1. As the accumulation of MSRs by large market participants through outright purchase, rather than through loan origination, has been growing dramatically, imprecision in valuation became less tolerable as it could result in the servicer bidding too low or too high for a servicing package.
  2. FASB Accounting Standard 2016-13 obligated entities holding “financial assets and net investment in leases that are not accounted for at fair value through net income” to estimate “incurred losses,” or estimated futures losses over the life of the asset. While the Standard does not necessarily apply to MSRs because most MSR investors account for the asset at fair value and flow fair value mark-to-market through income, it did lead to a statement from the major regulators:

“If a financial asset does not share risk characteristics with other financial assets, the new accounting standard requires expected credit losses to be measured on an individual asset basis.” 

(Source: Board of Governors of the Federal Reserve System, Federal Deposit Insurance Corporation, National Credit Union Administration, and Office of the Comptroller of the Currency. “Joint Statement on the New Accounting Standard on Financial Instruments – Credit Losses.” June 17, 2016.).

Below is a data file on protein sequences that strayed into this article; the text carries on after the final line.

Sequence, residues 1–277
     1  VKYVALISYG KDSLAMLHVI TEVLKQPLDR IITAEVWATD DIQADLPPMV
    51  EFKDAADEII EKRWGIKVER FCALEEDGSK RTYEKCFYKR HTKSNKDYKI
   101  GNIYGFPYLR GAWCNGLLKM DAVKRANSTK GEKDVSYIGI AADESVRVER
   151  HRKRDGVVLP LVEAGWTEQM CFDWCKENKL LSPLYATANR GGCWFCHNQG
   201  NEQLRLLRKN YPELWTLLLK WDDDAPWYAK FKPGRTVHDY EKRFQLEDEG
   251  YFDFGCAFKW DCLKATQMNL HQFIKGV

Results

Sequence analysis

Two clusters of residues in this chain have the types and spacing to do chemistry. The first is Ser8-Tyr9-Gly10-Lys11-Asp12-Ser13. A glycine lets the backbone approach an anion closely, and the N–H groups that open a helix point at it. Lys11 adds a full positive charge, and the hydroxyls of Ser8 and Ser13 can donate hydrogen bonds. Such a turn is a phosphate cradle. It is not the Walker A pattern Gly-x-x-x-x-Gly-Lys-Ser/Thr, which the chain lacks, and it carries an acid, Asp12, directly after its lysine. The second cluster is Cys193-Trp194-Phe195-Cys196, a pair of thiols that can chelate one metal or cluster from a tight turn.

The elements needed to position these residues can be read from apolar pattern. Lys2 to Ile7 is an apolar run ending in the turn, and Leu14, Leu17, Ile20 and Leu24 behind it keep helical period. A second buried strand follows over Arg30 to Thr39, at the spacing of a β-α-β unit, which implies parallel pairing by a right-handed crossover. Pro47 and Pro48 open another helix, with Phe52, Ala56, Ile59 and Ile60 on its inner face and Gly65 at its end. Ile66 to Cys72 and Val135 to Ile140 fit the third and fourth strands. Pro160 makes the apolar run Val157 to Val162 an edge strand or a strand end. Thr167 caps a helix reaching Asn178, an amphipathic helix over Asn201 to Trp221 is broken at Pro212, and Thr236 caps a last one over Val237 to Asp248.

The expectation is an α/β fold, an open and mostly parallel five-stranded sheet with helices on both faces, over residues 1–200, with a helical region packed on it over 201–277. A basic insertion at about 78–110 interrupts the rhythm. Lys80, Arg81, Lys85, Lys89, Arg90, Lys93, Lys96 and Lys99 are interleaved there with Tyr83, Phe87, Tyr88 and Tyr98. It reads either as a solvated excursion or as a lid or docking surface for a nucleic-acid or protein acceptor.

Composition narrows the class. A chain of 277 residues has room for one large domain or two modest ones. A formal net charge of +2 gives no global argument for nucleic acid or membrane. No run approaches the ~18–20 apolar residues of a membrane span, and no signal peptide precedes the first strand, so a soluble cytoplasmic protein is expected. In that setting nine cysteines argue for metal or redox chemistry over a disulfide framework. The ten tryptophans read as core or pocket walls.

The result of these developments is that a number of large servicers are revisiting their bucketing methodologies and considering using loan-level analyses to better incorporate the impact of credit on MSR value, particularly when purchasing new packages of MSRs. By enabling MSR investors to re-combine and re-aggregate cash flow results on the fly, loan-level projections open the door to a host of additional, scenario-based analytics. RiskSpan’s cloud-native Edge Platform is uniquely positioned to support these emerging methodologies because it was envisioned and built from the ground up as a loan-level analytical engine. The flexibility afforded by its parallel computing framework allows for complex net-cash-flow calculations on hundreds of thousands of individual mortgage loans simultaneously. The speed and scalability this affords makes the Edge Platform ideally suited for pricing even the largest portfolios of MSR assets and making timely trading decisions with confidence.


In Part II of this series, we will delve into property-level risk characteristics—factors that are not easily rolled up into portfolio rep lines and must be evaluated at the loan level—impact credit risk and servicing cash flows. We will also quantify the impact of a loan-level analysis incorporating these factors on an MSR valuation.

Contact us to learn more.